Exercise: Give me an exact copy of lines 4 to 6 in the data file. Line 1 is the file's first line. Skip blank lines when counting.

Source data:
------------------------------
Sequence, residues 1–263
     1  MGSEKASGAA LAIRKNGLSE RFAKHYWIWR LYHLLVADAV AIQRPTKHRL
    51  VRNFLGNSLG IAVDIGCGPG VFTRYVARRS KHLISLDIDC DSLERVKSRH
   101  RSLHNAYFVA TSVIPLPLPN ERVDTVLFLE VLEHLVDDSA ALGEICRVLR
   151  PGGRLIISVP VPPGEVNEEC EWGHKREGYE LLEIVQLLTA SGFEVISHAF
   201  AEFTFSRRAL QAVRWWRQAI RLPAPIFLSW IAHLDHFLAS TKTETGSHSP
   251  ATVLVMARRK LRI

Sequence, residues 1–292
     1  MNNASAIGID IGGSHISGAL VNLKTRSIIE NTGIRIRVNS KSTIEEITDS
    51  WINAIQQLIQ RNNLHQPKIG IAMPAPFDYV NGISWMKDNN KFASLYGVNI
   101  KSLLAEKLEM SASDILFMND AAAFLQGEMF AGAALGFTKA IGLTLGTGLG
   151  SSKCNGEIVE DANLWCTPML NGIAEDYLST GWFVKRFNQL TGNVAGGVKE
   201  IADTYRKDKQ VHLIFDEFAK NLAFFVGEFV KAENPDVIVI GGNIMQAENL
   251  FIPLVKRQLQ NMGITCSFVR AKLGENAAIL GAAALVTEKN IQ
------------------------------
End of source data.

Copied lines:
   101  RSLHNAYFVA TSVIPLPLPN ERVDTVLFLE VLEHLVDDSA ALGEICRVLR
   151  PGGRLIISVP VPPGEVNEEC EWGHKREGYE LLEIVQLLTA SGFEVISHAF
   201  AEFTFSRRAL QAVRWWRQAI RLPAPIFLSW IAHLDHFLAS TKTETGSHSP